Posts tagged queen letizia ansorena tiara

The beautiful Loelia, Duchess of Westminster, wearing her Art Deco diamond halo tiara. Photographed by Cecil Beaton.

Originally, tiaras were made to crown a stately sweep of hair, as shown here by Mrs. Cornelius Vanderbilt III

OK, this sounds like a real first world problem… it is not a dilemma the majority of us mere mortals are going to face any time soon.  Some girls are lucky enough to wear a real diamond tiara once, on their wedding day. And a tiny minority of unicorn dusted people have to wear one on a regular basis.  It is astonishing how, with all the money and fashion advice they have at their disposal how wrong they get it and how bad it looks.  To my jeweller’s eye it is like a bias cut dress worn in the wrong size, or open toe shoes without a manicure.

First, a bit of history… the heyday of the tiara was in the late 19th and early 20th centuries. 120 years ago (give or take a few) the vast majority of women wore their hair long.  When you married, your hair went ‘up’- and the crowning glory was the tiara.  This is how the convention arose that unmarried girls did not wear tiaras.  It was a convention followed by the Queen- the first time she wore one was on her wedding day.  The majority of the most beautiful, accomplished tiaras were made for Edwardian women, designed to be worn in clouds of hair, often augmented by hairpieces. The frames and velvet bands of tiaras were therefore made for these sorts of hairstyles.  A tiara is not an Alice band or a headband- it is not supposed to hold the hair in place- the jewel is supposed to be held in place by the hair.

A young and as yet unfashionable Princess Diana, wearing the Spencer tiara.

Princess Diana develops a fashion sense and good hair: wearing the Cambridge Lover's Knot tiara, a present from the Queen.

To achieve the most elegant look, the hair needs to be pulled and stranded over the velvet headband to secure it in place.  The front of the hair should then be backcombed, teased and arranged in front of the tiara.  It is a skill that very few hairdressers have nowadays- there is, after all, very little demand for this service.  And of course, any Edwardian lady (who after all would probably wear a tiara at least once a week) would have employed a ladies’ maid trained with this invaluable skill.  But some of the younger Royals who looked like they’ve plonked their heirlooms on their heads as an afterthought should take a leaf from their more experienced in-laws. Some of the Scandinavian Royals are the worst offenders and even top drawer Royals, like Queen Letizia of Spain, don’t always get it right.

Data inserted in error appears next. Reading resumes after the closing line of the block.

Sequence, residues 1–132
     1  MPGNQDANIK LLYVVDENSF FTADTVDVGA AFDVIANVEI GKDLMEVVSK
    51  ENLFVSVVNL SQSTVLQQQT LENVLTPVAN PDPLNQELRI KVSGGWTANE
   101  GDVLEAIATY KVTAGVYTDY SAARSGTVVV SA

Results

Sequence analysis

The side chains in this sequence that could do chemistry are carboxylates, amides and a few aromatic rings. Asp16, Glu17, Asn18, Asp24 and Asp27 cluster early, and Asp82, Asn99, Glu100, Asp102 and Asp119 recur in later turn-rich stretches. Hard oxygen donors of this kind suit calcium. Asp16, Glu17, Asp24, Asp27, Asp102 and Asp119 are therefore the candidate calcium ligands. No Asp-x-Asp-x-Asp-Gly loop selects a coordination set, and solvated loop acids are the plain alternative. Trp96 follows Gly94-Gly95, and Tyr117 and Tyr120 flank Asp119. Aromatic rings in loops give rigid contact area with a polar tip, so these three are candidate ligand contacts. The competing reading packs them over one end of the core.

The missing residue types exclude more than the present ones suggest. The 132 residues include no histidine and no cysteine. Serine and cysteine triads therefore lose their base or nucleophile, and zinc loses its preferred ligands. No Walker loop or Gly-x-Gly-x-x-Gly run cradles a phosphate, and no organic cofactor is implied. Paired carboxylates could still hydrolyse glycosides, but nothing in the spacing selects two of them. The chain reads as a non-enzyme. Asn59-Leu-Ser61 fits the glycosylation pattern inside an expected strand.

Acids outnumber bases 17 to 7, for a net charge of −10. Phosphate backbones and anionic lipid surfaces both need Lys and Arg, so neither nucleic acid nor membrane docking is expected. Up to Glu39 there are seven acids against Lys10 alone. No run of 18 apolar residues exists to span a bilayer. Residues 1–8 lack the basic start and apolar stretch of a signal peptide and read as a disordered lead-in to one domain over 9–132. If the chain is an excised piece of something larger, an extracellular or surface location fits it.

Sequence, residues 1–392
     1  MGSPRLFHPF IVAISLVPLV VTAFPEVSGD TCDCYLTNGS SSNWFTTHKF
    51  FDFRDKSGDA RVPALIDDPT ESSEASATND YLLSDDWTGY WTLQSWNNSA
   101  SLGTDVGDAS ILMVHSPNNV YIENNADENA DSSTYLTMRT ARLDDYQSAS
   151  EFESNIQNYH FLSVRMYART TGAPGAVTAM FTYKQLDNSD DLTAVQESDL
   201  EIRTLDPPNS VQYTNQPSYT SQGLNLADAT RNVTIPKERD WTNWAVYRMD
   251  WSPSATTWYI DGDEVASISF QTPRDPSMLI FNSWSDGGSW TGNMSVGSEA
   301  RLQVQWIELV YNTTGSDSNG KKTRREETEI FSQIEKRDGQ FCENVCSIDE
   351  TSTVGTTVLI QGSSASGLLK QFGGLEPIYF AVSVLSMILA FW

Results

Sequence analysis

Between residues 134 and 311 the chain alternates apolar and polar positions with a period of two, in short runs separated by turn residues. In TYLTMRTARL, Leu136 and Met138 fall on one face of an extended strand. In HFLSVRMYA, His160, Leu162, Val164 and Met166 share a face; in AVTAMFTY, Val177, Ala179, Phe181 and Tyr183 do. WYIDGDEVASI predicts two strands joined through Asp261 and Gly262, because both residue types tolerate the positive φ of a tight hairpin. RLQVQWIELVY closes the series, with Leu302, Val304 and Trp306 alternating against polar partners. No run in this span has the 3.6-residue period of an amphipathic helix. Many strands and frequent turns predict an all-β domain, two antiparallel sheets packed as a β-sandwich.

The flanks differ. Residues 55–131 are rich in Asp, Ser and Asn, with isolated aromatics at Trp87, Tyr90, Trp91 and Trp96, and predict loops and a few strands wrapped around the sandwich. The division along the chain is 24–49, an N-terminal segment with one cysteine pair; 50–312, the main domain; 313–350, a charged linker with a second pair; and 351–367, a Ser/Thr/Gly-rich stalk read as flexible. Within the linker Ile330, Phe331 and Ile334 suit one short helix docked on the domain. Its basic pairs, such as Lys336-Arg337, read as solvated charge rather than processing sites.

Princess Madeleine of Sweden is rocking the high school prom queen in this example of how a diamond tiara can look so wrong.

Princess Madeleine looking dignified with this aquamarine and diamond family heirloom tiara.

Princess Diana conquered the tiara with aplomb (as she did most fashion accessories).  Early photographs of her as Princess of Wales show her with limp, mousy hair, frame and velvet band on show.  As she became more assured and soignee, she learnt to style her short hair around her tiaras, proving (as the Queen does all the time) that you don’t need a lionine mane of hair to achieve a good, modern look with what is essentially a 19th century accessory.

Queen Letizia of Spain, looking almost top heavy in her Ansorena diamond tiara.

The older generation of royals, like Queen Sylvia of Sweden, always seem to get it right when it comes to tiaras.

Part of the problem with wearing a tiara (or diadem) on flat hair is that it makes the jewel look too big for the wearer’s head.  You only need to look at some pictures of continental Royals wearing these pieces with what they believe is a slick side parting and you realise that the proportions are all wrong and they look top heavy.  A lot of them look like Queen Victoria circa 1850.  So, Meghan, listen to your future stepmother-in-law for advice, who seems to have taken to wearing a tiara like a duck to water- and run a mile if the Countess of Wessex tries to tell you what to do with your hair.

An immaculately groomed Duchess of Cornwall wearing the Greville Boucheron tiara.

The Countess of Wessex wearing her diamond wedding tiara.